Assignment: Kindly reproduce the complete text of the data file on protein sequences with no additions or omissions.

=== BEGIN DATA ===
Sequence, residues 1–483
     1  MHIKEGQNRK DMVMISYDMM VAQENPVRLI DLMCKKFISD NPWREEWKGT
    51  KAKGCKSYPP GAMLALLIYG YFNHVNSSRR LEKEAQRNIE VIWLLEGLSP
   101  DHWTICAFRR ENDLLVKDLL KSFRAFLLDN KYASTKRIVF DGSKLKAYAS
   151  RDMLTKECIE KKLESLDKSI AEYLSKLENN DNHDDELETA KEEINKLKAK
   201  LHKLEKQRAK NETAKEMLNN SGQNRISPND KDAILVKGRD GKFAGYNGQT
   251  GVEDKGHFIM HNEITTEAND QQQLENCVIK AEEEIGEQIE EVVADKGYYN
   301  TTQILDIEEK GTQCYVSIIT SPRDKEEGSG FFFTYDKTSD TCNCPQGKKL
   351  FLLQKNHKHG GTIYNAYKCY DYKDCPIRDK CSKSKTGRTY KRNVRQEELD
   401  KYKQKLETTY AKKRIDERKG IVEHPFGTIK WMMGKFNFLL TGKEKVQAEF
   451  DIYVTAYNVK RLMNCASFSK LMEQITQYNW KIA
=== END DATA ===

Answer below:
Sequence, residues 1–483
     1  MHIKEGQNRK DMVMISYDMM VAQENPVRLI DLMCKKFISD NPWREEWKGT
    51  KAKGCKSYPP GAMLALLIYG YFNHVNSSRR LEKEAQRNIE VIWLLEGLSP
   101  DHWTICAFRR ENDLLVKDLL KSFRAFLLDN KYASTKRIVF DGSKLKAYAS
   151  RDMLTKECIE KKLESLDKSI AEYLSKLENN DNHDDELETA KEEINKLKAK
   201  LHKLEKQRAK NETAKEMLNN SGQNRISPND KDAILVKGRD GKFAGYNGQT
   251  GVEDKGHFIM HNEITTEAND QQQLENCVIK AEEEIGEQIE EVVADKGYYN
   301  TTQILDIEEK GTQCYVSIIT SPRDKEEGSG FFFTYDKTSD TCNCPQGKKL
   351  FLLQKNHKHG GTIYNAYKCY DYKDCPIRDK CSKSKTGRTY KRNVRQEELD
   401  KYKQKLETTY AKKRIDERKG IVEHPFGTIK WMMGKFNFLL TGKEKVQAEF
   451  DIYVTAYNVK RLMNCASFSK LMEQITQYNW KIA